A UCL mathematics student has found that the falling 'curtain' of chocolate in a chocolate fountain surprisingly pulls inwards rather than going straight downwards because of surface tension.
“Chocolate fountains are just cool, aren’t they!” said Adam Townsend (UCL Mathematics), lead author of the paper based on his MSci project. “But it’s also nice that they’re models of some very important aspects of fluid dynamics. We’ve used some serious maths to solve a fun problem – why the chocolate 'curtain' on a chocolate fountain always falls inwards.”
The study, published today (Wednesday 25 November 2015) in European Journal of Physics, used classic work on ‘water bells’ to model the fluid dynamics of the chocolate in the fountain. The physics of the water bell is exactly the same as the falling curtain of chocolate, and by using this model the team discovered that surface tension of the chocolate causes it to fall inwards.
“You can build a water bell really easily in your kitchen,” said Dr Helen Wilson (UCL Mathematics), co-author of the paper and MSci project. “Just fix a pen vertically under a tap with a 10p coin flat on top and you'll see a beautiful bell-shaped fountain of water.”
The researchers studied the flow of chocolate up the pipe to the top of the fountain, over the plastic tiers that form the distinctive chocolate fountain shape and down as a curtain.
“Both the chocolate fountain and water bell experiments are surprisingly simple to perform. However, they allow us to demonstrate several aspects of fluid dynamics, both ‘Newtonian’ which includes everyday fluids such as air, water and syrup, and ‘non-Newtonian’ which is anything with an underlying structure that can be built up or broken down by flow such as biological fluids (e.g. blood) and molten chocolate.” said Dr Wilson.
“Although this was a fun project about chocolate, gaining an understanding of the thin film flows in the chocolate fountain might help with applications as diverse as lava flow on volcanoes, tear films in the eye, and extracting plasmas out of nuclear fusion reactors,” concluded Dr Wilson.
The researchers were also pleased that their work allowed them to engage with the public.
Adam Townsend added, “I've been talking at mathematics enrichment events around London for the last few years. If I can convince just one person that maths is more than Pythagoras' Theorem, I'll have succeeded. Of course, the same mathematics has a wide use in many other important industries – but none of them are quite as tasty as chocolate.”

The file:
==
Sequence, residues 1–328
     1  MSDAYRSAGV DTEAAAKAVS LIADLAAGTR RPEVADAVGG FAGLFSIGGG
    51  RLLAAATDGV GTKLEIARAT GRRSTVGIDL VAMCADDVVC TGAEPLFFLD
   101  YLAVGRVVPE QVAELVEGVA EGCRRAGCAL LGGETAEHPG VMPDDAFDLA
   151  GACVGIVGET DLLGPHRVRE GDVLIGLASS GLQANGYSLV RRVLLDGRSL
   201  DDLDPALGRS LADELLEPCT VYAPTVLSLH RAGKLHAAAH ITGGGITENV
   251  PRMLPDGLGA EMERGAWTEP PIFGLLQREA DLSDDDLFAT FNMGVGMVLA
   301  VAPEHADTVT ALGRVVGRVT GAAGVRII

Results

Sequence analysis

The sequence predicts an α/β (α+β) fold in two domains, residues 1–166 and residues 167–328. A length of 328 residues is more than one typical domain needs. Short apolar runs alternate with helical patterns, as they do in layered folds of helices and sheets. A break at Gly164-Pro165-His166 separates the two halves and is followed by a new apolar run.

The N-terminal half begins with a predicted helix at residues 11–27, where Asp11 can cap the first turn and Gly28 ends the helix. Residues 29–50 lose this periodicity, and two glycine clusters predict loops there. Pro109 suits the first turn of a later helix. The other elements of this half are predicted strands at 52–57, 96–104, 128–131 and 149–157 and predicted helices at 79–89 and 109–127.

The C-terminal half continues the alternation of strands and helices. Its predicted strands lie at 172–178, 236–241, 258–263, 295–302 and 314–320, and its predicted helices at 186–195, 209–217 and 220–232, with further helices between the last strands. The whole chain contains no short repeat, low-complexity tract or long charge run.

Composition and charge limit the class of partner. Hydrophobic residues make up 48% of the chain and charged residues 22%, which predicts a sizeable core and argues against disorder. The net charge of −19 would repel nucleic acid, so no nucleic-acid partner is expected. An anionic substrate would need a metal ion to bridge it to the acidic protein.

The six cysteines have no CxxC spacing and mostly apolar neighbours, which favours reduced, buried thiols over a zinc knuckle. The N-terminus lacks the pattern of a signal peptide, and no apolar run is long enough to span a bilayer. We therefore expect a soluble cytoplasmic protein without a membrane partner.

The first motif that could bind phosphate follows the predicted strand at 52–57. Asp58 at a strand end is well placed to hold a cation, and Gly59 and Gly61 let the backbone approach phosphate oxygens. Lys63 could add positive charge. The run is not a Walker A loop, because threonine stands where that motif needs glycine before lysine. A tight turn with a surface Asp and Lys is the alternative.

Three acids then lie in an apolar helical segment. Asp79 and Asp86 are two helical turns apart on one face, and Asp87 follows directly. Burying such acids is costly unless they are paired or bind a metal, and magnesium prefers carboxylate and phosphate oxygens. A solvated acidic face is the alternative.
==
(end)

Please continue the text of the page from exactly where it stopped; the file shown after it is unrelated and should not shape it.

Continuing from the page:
Abstract: We consider the fluid dynamics of the chocolate fountain. Molten chocolate is a mildly shear-thinning non-Newtonian fluid. Dividing the flow into three main geometries—the pumped flow up the centre, the film flow over each dome, and the freely-falling curtain flow between the domes—we generate a wide-ranging study of Newtonian and non-Newtonian fluid mechanics. The central pumped flow is a benchmark to elucidate the effects of shear-thinning. The dome flow can be modelled as a thin-film flow with the leading-order effects being a simple balance of gravity and viscosity. Finally, the curtain flow is analytically intractable but matches onto the existing theory of water bells (both inviscid and viscous).
In pipe flow, Newtonian fluids exhibit a parabolic velocity profile; shear-thinning makes the profile more blunted. In thin-film flow over the dome, gravitational and viscous effects balance and the dome shape is not important beyond the local slope. We find that the chocolate thins and slows down as it travels down the dome. Finally, in the curtain flow, we predict the shape of the falling sheet for an inviscid fluid, and compare this with the literature to predict the shape for a viscous fluid, having shown that viscous forces are too great to ignore. We also find that the primary effect driving the shape of the curtain (which falls inwards towards the axis of the fountain) is surface tension.
We find that the three domains provide excellent introductions to non-Newtonian mechanics, the important mathematical technique of scaling, and how to manipulate existing data to make our own predictions. We also find that the topic generates interest among the public in our engagement work.